• Danny Lee, CFP®, CRPC®

What I've Learned Being Married


I know being a financial planner, I should be writing about stock investing and sharing the secret sauce to making millions of dollars. Well, we have enough Instagram/YouTube influencers selling their mastermind course to day trading penny stocks. That's not me - let's get personal!

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Also, my job is way more than just about money. At times, my job is acting as a mediator or even an emotional therapist to clients and a common discussion topic is marriage – which is a significant financial decision. One thing I love about my job is hearing stories from clients that have been married longer than I've been alive. I always ask, what advice would you give to a newlywed? Here are some responses I've heard.


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  1. Your money is her money, and her money is her money.

  2. She is always right.

  3. Always keep the spark.

  4. Make sure to keep dating.

  5. Don't get too much life insurance...


Here are three top things I've learned about being married.

  1. Being married is so fun!


Being married is being with your best friend all the time, even for me, who is very much an extrovert. I always had to be hanging with friends and doing something with them. After getting married, that slowly changed because I realized how much fun we had together. Of course, I still desire to hang out with my friends, but nothing beats experiencing and enjoying life with your partner in crime.


  1. Understand their love language.


Love language? Silly, I know. I received this book, The 5 Love Languages: The Secret to Love that Lasts, from a former colleague as a wedding gift. He always said, this book saved my marriage. Truthfully, I never intended to read this book, but my wife was gung-ho about reading this together when I brought it home. The book shares five different languages people feel love. My key takeaway was this: my love language was not her love language (it could be). My love language is the "act of service"; I reciprocated that by showing love with acts of service. I soon realized that her love language was not that, but it was the quality time (ranked bottom half for me). To fill her love cup was by making time just to hang out, go on a coffee date, dinner at our favorite Mexican restaurant, and an occasional getaway trip. After reading this book, I became very aware of this and have changed how I express love - quality time.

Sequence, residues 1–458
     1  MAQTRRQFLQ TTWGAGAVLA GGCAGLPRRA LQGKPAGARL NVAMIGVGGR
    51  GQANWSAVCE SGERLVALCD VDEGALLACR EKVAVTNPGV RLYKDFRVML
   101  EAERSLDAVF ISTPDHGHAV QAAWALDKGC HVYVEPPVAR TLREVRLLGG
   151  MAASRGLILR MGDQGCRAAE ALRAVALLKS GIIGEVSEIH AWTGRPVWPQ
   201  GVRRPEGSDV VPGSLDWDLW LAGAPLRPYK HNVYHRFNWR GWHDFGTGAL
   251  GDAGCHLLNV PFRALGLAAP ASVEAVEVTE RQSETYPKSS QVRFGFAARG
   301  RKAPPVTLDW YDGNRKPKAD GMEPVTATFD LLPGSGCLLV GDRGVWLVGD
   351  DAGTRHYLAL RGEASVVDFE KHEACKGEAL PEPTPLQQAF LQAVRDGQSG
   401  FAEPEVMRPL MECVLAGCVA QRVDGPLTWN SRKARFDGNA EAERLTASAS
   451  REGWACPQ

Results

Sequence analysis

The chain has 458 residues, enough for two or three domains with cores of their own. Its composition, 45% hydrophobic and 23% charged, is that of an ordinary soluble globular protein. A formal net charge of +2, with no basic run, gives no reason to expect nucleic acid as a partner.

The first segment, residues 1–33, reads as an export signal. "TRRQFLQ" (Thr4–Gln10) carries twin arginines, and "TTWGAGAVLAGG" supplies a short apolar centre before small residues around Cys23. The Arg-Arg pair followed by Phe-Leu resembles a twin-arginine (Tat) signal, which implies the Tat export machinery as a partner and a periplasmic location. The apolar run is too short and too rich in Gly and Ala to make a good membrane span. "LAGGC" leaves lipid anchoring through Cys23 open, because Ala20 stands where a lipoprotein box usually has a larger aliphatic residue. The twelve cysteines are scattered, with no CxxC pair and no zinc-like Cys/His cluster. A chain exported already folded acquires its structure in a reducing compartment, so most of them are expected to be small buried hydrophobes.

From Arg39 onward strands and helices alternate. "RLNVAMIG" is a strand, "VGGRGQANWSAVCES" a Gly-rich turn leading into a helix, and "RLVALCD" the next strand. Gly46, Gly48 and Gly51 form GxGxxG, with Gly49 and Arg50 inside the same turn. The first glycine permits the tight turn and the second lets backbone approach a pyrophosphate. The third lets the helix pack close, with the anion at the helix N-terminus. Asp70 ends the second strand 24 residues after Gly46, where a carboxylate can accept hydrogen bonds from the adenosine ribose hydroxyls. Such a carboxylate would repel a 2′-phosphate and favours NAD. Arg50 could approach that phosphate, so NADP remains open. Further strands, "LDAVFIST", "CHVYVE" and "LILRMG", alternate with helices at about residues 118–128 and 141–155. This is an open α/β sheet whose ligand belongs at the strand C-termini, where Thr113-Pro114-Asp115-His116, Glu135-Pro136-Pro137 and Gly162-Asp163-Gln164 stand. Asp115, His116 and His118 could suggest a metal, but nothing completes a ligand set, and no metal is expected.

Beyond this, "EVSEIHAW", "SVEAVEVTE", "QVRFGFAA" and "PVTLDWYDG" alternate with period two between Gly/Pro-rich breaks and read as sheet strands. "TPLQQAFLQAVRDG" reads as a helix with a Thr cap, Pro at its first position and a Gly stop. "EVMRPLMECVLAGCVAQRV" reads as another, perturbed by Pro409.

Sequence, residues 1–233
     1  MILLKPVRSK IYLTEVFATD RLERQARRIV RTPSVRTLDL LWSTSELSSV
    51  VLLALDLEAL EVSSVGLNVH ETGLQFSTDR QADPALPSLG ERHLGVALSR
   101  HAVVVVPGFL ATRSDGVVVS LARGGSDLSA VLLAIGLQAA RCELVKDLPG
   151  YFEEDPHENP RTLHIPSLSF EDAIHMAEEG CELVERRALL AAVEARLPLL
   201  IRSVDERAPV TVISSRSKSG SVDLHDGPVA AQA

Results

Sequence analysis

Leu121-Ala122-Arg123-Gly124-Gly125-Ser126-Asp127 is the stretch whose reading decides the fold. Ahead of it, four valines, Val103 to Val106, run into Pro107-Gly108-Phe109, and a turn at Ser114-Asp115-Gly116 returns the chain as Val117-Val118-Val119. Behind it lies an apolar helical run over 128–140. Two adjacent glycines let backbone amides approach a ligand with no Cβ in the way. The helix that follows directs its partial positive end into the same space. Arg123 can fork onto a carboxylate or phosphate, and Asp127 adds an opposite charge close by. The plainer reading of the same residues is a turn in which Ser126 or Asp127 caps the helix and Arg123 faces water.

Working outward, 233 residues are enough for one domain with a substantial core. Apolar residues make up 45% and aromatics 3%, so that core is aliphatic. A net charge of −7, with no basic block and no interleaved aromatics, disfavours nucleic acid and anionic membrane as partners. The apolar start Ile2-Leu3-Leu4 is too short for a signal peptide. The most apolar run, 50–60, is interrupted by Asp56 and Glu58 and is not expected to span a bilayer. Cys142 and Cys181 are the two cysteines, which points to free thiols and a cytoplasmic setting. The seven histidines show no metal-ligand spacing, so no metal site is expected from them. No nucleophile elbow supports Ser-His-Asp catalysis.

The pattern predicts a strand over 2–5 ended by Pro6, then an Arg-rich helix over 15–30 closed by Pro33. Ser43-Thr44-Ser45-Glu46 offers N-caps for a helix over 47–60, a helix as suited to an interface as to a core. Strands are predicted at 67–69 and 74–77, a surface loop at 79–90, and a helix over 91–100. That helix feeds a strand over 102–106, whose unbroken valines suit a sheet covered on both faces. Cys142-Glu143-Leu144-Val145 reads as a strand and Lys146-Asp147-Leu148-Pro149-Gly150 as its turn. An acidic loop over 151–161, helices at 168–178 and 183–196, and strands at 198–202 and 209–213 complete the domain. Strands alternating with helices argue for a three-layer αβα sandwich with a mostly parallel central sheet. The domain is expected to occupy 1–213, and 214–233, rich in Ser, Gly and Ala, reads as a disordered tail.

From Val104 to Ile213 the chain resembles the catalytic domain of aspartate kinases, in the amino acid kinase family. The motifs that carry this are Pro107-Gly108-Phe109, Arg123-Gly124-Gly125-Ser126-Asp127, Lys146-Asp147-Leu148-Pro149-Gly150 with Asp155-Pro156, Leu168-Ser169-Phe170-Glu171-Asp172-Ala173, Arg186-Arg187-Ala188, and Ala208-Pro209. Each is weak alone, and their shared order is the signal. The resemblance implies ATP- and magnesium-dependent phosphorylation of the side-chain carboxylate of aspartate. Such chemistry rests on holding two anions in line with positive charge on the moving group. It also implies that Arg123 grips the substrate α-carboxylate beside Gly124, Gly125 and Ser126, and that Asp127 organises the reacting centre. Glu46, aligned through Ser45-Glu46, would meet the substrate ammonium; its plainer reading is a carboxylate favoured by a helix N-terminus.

3. Pick your battles, gentleman.

  • No relationship is perfect. You will bicker, argue, and even fight at times, but it okay. What I've learned is not to sweat the small stuff. Pick your battles. Of course, stand firm when needed, but sometimes it's better to lose the small battles to win the war (i.e., convincing her to let you go golfing four weekends in a row).


To conclude, what you get from your marriage is what you "BOTH" put into. Have fun and live life to the fullest, together. As silly as it sounds, get to know each other's love language. Lastly, limit the bickering, both of you! Pick your battles and let the small stuff slide.


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